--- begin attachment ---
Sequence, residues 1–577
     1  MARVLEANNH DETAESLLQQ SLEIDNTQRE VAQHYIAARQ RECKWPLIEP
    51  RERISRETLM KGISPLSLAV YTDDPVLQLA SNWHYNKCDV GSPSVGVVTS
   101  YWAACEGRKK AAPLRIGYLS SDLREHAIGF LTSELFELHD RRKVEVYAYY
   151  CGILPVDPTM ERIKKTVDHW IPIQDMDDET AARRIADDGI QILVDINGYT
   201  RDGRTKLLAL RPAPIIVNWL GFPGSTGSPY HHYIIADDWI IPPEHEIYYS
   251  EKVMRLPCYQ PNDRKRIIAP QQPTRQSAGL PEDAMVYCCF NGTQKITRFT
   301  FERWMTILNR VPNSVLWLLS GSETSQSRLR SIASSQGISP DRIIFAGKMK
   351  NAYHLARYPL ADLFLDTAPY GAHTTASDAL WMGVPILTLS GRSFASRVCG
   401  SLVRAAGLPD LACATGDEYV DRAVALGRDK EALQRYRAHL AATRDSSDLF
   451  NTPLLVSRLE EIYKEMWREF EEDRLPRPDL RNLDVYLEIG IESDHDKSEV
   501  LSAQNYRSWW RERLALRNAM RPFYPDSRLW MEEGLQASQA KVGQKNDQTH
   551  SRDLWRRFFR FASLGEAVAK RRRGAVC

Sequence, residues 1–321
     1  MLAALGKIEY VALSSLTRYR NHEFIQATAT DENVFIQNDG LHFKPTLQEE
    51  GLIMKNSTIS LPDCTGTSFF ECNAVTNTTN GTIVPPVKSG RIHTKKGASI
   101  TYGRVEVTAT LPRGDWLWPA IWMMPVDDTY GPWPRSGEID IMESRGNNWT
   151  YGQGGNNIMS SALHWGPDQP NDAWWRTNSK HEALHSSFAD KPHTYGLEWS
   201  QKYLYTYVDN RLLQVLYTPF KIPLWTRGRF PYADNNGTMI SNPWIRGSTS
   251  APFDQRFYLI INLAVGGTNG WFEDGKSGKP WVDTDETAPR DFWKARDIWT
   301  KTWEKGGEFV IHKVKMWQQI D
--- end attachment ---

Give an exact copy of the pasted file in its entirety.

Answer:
Sequence, residues 1–577
     1  MARVLEANNH DETAESLLQQ SLEIDNTQRE VAQHYIAARQ RECKWPLIEP
    51  RERISRETLM KGISPLSLAV YTDDPVLQLA SNWHYNKCDV GSPSVGVVTS
   101  YWAACEGRKK AAPLRIGYLS SDLREHAIGF LTSELFELHD RRKVEVYAYY
   151  CGILPVDPTM ERIKKTVDHW IPIQDMDDET AARRIADDGI QILVDINGYT
   201  RDGRTKLLAL RPAPIIVNWL GFPGSTGSPY HHYIIADDWI IPPEHEIYYS
   251  EKVMRLPCYQ PNDRKRIIAP QQPTRQSAGL PEDAMVYCCF NGTQKITRFT
   301  FERWMTILNR VPNSVLWLLS GSETSQSRLR SIASSQGISP DRIIFAGKMK
   351  NAYHLARYPL ADLFLDTAPY GAHTTASDAL WMGVPILTLS GRSFASRVCG
   401  SLVRAAGLPD LACATGDEYV DRAVALGRDK EALQRYRAHL AATRDSSDLF
   451  NTPLLVSRLE EIYKEMWREF EEDRLPRPDL RNLDVYLEIG IESDHDKSEV
   501  LSAQNYRSWW RERLALRNAM RPFYPDSRLW MEEGLQASQA KVGQKNDQTH
   551  SRDLWRRFFR FASLGEAVAK RRRGAVC

Sequence, residues 1–321
     1  MLAALGKIEY VALSSLTRYR NHEFIQATAT DENVFIQNDG LHFKPTLQEE
    51  GLIMKNSTIS LPDCTGTSFF ECNAVTNTTN GTIVPPVKSG RIHTKKGASI
   101  TYGRVEVTAT LPRGDWLWPA IWMMPVDDTY GPWPRSGEID IMESRGNNWT
   151  YGQGGNNIMS SALHWGPDQP NDAWWRTNSK HEALHSSFAD KPHTYGLEWS
   201  QKYLYTYVDN RLLQVLYTPF KIPLWTRGRF PYADNNGTMI SNPWIRGSTS
   251  APFDQRFYLI INLAVGGTNG WFEDGKSGKP WVDTDETAPR DFWKARDIWT
   301  KTWEKGGEFV IHKVKMWQQI D